So Why the Rush To Become An Organ Donor?
Here is one good reason. 7,000 people die each year because there are not enough organs and right now as you read this; over 100,000 people are on the waiting list.
Let us imagine you are watching a video on your I-Pod. The scene is of a family in a loved one’s hospital room. The family has been told there is no brain activity — the patient is brain dead. The grief is so intense you can feel it through the device in your hand. The Organ Procurement Organization (OPO) coordinator is on hand. Her job is to comfort and console while at the same time asking the family if they would like to donate their loved one’s organs. The question must be asked because the patient never made his wishes known. On the wall, a clock with a second hand tics. It is an unobtrusive but constantly interruptive reminder that another patient in another hospital is waiting for the organ that will help him live — and time is of the essence – tick, tick…
This scene plays itself out every day in hospitals around the country. I know not what happened in my case, but when I got the phone call saying a heart might be available, I was raced to the hospital and in my daze gave little or no thought to events that had already transpired and were still unfolding. Somewhere a grieving family told an OPO coordinator that they wished to donate their loved one’s organs.
In a calm, almost serene manner, the OPO Coordinator informs the hospital of the decision and immediately like a finely tuned machine a highly complex but coordinated system begins to unfold. With the notification of an organ availability several people and groups of people must spring into action; surgeons, nurses, anesthesiologists, drivers and pilots not to mention aircraft and ground transportation are at the ready. In one hospital, the recovery team works to obtain the organs and keep them healthy while in another hospital a transplant team is preparing the patient to receive the new life-giving organ.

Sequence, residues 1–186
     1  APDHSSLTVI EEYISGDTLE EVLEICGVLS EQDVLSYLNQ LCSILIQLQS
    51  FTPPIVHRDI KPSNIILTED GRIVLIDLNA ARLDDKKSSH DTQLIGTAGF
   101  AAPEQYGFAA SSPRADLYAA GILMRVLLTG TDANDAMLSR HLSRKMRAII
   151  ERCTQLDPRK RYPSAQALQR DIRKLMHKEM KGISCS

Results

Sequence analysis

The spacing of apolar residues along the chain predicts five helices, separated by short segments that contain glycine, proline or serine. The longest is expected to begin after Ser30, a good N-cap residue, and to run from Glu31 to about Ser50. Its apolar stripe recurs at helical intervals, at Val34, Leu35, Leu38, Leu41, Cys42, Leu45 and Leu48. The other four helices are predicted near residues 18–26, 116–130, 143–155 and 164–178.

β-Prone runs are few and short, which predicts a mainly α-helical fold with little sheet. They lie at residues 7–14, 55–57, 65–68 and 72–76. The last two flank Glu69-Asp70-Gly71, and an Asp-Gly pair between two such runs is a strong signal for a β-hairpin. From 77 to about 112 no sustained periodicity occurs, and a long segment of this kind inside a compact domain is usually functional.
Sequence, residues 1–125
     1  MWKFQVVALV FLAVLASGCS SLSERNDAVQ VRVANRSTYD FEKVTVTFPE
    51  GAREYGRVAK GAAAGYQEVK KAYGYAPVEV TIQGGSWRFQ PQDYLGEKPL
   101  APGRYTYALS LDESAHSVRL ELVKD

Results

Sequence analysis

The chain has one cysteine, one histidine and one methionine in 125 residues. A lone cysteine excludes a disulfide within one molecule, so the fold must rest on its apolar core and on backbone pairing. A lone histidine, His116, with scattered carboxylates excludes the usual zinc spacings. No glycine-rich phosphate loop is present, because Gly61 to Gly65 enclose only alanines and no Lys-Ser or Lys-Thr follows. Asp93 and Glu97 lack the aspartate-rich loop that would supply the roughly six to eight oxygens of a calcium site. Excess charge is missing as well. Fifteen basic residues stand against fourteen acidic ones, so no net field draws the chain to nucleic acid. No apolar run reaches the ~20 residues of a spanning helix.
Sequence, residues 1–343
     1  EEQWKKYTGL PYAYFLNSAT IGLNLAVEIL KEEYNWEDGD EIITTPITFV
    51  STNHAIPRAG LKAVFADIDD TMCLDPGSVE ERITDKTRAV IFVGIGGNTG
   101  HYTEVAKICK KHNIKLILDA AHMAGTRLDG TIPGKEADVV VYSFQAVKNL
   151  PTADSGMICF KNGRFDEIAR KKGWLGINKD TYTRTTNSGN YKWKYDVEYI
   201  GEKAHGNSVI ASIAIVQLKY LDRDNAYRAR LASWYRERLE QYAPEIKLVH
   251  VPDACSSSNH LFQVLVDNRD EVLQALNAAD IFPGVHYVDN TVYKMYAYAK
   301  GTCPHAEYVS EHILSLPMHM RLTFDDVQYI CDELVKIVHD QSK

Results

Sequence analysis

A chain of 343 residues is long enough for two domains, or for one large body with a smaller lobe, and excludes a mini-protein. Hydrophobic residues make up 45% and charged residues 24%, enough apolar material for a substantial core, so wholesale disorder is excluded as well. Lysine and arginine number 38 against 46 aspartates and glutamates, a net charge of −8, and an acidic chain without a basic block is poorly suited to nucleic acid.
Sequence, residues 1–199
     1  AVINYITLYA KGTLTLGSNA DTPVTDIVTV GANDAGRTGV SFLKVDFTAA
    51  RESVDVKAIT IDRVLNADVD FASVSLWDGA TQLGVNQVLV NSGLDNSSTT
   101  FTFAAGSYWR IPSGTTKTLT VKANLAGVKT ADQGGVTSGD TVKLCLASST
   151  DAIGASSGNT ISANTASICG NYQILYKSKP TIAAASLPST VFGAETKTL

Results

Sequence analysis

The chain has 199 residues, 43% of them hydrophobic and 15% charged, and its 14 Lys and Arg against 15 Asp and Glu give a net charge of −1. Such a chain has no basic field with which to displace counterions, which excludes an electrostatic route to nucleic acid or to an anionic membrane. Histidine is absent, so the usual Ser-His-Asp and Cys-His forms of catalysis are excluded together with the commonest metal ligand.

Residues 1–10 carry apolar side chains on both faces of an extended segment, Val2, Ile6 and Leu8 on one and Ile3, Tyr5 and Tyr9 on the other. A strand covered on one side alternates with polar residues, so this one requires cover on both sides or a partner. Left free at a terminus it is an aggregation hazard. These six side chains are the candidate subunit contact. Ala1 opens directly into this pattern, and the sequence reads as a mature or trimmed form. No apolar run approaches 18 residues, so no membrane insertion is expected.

I am sure to many this all sounds easy and perfected, but there is one weak link in this chain — the donor and whether he or she has made their decision clear and known to the family. If you want to be an organ donor and do not make your wishes known, you are probably sentencing someone else to death. It is at the time that brain death is declared that many families not knowing the patients wishes, refuse to donate. Not because they are mean spirited but usually because in the confusion of the moment, the grief and the feeling of powerlessness many well intentioned people just say “No.” Do you want to put that extra burden on your family, probably not.
If you want to be an organ donor then do not wait a second longer, do it right now. Go to Donate Life America and sign up now. Yes, I said now! http://www.donatelife.net/
As you sign on to Donate Life America think about this:
Here is a confounding fact that probably reveals an extremely high level of procrastination about when people will “sign up.” According to Donate Life America:
90% of Americans say they support donation, but only 30% know the essential steps to take to be a donor. And –very few of those people take the necessary steps in time to save a life.
“But wait!” As the commercial says, “There’s more!”
Almost 100,000 men, women and children currently need life-saving organ transplants.
Every 12 minutes another name is added to the national organ transplant waiting list.
An average of 18 people die each day from the lack of available organs for transplant.
Have you signed up yet?